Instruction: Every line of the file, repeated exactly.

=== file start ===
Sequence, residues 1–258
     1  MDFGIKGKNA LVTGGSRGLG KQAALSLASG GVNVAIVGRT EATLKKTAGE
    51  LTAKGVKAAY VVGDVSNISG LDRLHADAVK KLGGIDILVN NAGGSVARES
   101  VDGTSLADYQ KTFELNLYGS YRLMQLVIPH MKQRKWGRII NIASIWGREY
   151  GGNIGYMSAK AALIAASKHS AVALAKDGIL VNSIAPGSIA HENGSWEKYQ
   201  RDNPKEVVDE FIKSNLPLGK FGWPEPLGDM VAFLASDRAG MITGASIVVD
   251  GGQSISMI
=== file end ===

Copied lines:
Sequence, residues 1–258
     1  MDFGIKGKNA LVTGGSRGLG KQAALSLASG GVNVAIVGRT EATLKKTAGE
    51  LTAKGVKAAY VVGDVSNISG LDRLHADAVK KLGGIDILVN NAGGSVARES
   101  VDGTSLADYQ KTFELNLYGS YRLMQLVIPH MKQRKWGRII NIASIWGREY
   151  GGNIGYMSAK AALIAASKHS AVALAKDGIL VNSIAPGSIA HENGSWEKYQ
   201  RDNPKEVVDE FIKSNLPLGK FGWPEPLGDM VAFLASDRAG MITGASIVVD
   251  GGQSISMI